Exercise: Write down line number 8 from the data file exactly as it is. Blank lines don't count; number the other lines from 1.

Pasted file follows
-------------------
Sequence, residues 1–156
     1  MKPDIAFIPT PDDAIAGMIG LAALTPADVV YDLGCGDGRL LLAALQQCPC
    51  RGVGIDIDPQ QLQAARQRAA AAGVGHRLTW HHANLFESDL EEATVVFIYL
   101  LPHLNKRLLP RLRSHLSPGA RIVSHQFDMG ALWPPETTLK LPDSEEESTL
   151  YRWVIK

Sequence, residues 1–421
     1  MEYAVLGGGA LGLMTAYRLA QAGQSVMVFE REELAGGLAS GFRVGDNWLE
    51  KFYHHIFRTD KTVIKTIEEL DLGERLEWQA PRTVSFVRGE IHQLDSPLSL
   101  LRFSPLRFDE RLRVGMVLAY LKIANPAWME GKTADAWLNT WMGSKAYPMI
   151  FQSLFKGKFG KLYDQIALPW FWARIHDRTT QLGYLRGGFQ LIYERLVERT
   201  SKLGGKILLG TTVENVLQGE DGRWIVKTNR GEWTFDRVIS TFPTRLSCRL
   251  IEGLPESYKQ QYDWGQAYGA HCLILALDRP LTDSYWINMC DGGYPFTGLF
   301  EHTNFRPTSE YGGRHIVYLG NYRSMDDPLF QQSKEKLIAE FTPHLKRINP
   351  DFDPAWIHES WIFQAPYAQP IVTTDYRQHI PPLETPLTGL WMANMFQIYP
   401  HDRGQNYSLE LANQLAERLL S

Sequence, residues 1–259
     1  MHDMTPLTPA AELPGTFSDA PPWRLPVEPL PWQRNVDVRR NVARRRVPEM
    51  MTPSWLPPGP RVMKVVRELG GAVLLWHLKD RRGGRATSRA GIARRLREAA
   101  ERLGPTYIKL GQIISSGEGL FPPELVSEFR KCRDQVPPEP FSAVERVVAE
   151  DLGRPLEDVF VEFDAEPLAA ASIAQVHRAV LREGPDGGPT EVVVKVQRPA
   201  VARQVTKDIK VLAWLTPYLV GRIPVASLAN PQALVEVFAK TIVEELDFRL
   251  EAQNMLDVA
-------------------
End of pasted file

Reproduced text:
    51  KFYHHIFRTD KTVIKTIEEL DLGERLEWQA PRTVSFVRGE IHQLDSPLSL